We are back on the clay at Masters 1000 level with what looks to be a fascinating draw for 2021. This stop was missed on the calendar in 2020 due to COVID-19, so Fabio Fognini remains the defending champion, having won the tournament in 2019.

Nadal has dominated proceedings in the picturesque Monte Carlo for much of his career. In terms of big players with decent clay form of late, the only significant name missing from the draw is Dominic Thiem. Whilst it may be disappointing that he is not playing, I am personally happy to see him focus on putting together a training block post-injury issues instead of playing a high volume of tennis. If there is one thing I have been critical of in recent years regarding Thiem, it has been his heavy scheduling, so this is good to see regarding his chances for Roland Garros in a couple of months.

Let us look at the seeded players in each quarter, the unseeded players to watch, and wrap it all up with some outright selections.

Quarter 1

Novak Djokovic – Remains at the top of the rankings, although the gap is starting to close. Djokovic will not be too worried by this, having taken the record of most weeks at number 1 from Roger Federer, and now the bigger focus for Djokovic above all else in winning grand slam titles. That is not to say he does not care here, however when you look at his draw difficulty compared to some of the others favourites in the draw, it is hard to make a strong case for him at the current quote.

Hubert Hurkacz – The Miami Open champ is not unsuited to the clay, so I am fascinated to see how he handles the conditions this week. Like Novak, he does have tough early-round matches on the cards. After a first-round against a qualifier, he is due to face Dan Evans or 2019 finalist Dusan Lajovic, then Djokovic/Sinner. This field on clay looks a little too good for Hurkacz to win back to back 1000 titles.

David Goffin – Has shown some promise here on the clay in the past, however remains a little on the erratic side. After a patchy start in round 1 against Marin Cilic, he did finish off the Croatian with a bagel. Maybe one to keep an eye on from a trading standpoint, as he has the game to cause some trouble to the likes of Zverev on clay. Can I catch his good week?

Alexander Zverev – Has certainly shown some great flashes on clay over his career. Can he sustain it for such a big tournament on the clay? Second serve is still a significant question mark. I will not be actively opposing him (unless a nice price comes up in a potential meeting between Zverev and Goffin), but I do not have a strong desire to support him this week.

Unseeded players of note: The first unseeded name that jumps off the page is Jannik Sinner. He made the final of the ATP Masters 1000 tournament in Miami and has shown some impressive in patches on the clay in his short time at the ATP level. He gets the chance to face Ramos coming off a semi-final appearance last week and can be a genuinely tough first match for Djokovic to kick off the Serbian’s clay season. Of the others, Dusan Lajovic and Lorenzo Sonego have previous form at Monte Carlo and decent lead-in form respectively.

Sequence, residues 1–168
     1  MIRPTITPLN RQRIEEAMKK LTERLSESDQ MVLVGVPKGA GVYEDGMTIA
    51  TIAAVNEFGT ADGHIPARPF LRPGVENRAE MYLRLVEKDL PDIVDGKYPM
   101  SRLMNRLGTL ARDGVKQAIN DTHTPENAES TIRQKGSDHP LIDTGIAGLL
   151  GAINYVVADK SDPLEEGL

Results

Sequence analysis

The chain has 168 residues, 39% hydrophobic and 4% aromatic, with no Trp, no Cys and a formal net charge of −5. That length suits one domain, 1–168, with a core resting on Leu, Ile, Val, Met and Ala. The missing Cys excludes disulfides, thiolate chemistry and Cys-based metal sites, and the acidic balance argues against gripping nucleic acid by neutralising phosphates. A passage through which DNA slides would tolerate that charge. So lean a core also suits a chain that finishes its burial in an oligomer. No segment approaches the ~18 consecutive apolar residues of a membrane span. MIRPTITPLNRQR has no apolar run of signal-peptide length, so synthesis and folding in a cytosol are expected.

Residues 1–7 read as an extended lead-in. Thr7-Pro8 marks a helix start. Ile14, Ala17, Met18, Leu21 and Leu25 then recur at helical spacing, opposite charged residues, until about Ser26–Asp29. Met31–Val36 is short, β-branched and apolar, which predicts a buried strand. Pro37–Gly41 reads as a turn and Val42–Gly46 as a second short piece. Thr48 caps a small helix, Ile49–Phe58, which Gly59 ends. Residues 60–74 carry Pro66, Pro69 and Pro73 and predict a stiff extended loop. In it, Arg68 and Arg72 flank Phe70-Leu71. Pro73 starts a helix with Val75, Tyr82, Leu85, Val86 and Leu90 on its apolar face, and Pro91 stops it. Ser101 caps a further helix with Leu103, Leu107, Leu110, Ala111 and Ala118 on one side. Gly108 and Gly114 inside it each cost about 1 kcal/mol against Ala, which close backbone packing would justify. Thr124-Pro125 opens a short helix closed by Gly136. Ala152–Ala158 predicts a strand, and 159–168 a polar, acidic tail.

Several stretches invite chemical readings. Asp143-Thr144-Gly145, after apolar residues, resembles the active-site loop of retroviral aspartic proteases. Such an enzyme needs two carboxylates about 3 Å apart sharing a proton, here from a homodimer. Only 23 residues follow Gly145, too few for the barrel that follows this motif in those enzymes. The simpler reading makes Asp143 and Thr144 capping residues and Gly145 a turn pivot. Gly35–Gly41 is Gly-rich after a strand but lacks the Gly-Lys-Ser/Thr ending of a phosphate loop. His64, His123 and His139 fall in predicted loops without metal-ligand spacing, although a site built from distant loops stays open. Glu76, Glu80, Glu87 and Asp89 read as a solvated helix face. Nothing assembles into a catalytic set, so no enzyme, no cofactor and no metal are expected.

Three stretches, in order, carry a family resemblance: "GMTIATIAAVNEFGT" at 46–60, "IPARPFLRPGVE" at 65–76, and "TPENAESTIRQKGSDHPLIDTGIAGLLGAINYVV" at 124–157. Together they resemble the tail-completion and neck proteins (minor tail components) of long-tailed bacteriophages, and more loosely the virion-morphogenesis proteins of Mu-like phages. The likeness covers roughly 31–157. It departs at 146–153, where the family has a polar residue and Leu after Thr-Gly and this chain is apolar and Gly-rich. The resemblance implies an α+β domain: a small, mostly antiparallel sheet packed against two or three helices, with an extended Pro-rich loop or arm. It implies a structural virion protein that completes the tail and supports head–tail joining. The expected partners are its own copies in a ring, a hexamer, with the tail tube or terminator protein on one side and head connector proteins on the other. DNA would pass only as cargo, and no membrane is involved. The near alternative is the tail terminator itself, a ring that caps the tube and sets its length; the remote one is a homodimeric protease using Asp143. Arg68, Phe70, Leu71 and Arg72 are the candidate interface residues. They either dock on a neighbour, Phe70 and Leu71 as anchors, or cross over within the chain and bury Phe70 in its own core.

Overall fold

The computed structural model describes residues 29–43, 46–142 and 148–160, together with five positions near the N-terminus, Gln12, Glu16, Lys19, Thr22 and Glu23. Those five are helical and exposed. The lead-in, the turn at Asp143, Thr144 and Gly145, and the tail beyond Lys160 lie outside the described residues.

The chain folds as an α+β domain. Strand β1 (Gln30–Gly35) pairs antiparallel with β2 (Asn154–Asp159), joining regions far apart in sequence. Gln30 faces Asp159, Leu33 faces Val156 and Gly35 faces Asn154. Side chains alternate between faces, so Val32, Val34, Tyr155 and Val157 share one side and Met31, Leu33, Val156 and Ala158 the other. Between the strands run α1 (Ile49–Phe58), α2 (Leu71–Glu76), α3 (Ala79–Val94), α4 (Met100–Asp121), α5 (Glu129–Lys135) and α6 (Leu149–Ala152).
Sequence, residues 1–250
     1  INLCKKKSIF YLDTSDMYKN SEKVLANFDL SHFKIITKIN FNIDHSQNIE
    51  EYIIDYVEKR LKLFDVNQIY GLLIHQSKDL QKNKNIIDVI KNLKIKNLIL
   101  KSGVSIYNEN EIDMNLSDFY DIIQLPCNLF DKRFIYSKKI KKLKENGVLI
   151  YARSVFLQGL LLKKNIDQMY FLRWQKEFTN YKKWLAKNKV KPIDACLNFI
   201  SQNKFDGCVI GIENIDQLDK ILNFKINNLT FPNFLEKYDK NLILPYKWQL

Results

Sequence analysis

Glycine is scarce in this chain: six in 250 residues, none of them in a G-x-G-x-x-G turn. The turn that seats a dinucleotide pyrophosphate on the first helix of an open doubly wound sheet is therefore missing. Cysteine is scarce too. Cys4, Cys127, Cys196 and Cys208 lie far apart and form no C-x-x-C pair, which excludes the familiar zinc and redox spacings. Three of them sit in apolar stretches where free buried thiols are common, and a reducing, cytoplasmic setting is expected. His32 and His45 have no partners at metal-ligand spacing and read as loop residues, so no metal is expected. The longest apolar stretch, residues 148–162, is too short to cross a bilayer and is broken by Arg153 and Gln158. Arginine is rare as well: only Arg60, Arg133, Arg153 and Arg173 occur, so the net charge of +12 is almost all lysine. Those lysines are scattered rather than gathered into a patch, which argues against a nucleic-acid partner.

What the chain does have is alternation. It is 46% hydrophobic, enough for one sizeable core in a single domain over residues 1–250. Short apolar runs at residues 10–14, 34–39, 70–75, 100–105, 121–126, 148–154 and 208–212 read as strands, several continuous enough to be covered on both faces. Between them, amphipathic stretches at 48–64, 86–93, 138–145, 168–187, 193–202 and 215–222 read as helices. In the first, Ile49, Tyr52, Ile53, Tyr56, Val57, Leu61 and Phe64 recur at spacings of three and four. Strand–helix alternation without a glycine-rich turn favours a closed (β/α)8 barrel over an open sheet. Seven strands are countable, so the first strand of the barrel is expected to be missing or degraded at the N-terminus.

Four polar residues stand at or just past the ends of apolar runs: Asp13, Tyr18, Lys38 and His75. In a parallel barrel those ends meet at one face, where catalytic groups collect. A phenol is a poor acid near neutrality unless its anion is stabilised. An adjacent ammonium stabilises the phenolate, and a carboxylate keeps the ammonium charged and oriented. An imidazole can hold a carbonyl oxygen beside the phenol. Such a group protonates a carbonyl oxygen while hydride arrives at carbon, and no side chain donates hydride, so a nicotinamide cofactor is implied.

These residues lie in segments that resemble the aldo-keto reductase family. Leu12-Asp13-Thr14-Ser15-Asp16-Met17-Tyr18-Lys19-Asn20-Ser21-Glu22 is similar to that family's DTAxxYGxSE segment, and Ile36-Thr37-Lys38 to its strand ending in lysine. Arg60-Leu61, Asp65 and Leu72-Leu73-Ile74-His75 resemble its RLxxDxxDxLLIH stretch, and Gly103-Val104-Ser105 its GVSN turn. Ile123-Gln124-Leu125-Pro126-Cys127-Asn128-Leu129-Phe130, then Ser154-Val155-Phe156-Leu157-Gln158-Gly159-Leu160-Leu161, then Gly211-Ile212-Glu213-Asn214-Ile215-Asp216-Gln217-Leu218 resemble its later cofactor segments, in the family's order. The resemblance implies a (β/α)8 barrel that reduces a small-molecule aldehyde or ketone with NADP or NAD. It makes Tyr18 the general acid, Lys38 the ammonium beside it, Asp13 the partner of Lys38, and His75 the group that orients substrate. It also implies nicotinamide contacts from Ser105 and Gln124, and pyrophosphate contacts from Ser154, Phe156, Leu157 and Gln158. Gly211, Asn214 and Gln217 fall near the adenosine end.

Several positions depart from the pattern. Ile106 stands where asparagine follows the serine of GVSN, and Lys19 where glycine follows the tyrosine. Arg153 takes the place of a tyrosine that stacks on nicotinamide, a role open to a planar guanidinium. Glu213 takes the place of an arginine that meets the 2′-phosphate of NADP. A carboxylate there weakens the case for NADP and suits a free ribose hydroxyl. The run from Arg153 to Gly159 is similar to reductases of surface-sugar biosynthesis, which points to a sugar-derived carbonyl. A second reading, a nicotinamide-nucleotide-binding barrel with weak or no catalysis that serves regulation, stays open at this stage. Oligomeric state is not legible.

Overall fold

Quarter 2

Stefanos Tsitsipas – For a player with all the tools and exploits to be a genuine threat on the clay, he does still struggle to bring it all together on the clay. I think his time will come and he will continue to improve on the surface, however, given his overall form on clay to date, I am not sure I can take him at the outright price on offer in such a strong field.

Cristian Garin – Starts round one as an underdog, which can take a bit of the pressure off for the Chilean. Another player who is best suited to the clay and is a player that could appeal here. Looks a nice price as an underdog to Auger-Aliassime in the first round, however, might be worth a small outright play instead of that initial head to head price. Can beat Tsitsipas in these conditions.

Matteo Berrettini – I will likely be jumping into him in outright markets to further the clay season progresses, however, given he has not played singles since his injury at the Australian Open it is hard to make a case here. He did play doubles with his brother in Italy last week, making the semi-finals there, however, if you do like a player in this little pocket of the draw, this is probably the best time for the clay season to oppose Berrettini. Will only get stronger as the clay season progresses.

Unseeded players of note – There are several players I can keep an eye on here. Aslan Karatsev and Lorenzo Musetti are set to do battle in round 1, with the winner to face Tsitsipas. The other standout name, in the same pocket of the draw, is Felix Auger-Aliassime. He has brought Uncle Toni (Nadal) into his team; however, I would not be expecting a dramatic change straight away. One to keep an eye on. It is interesting to note that Pablo Andujar and Alexei Popyrin now battle it out for effectively the draw of a seed, with Gael Monfils withdrawing.

Quarter 3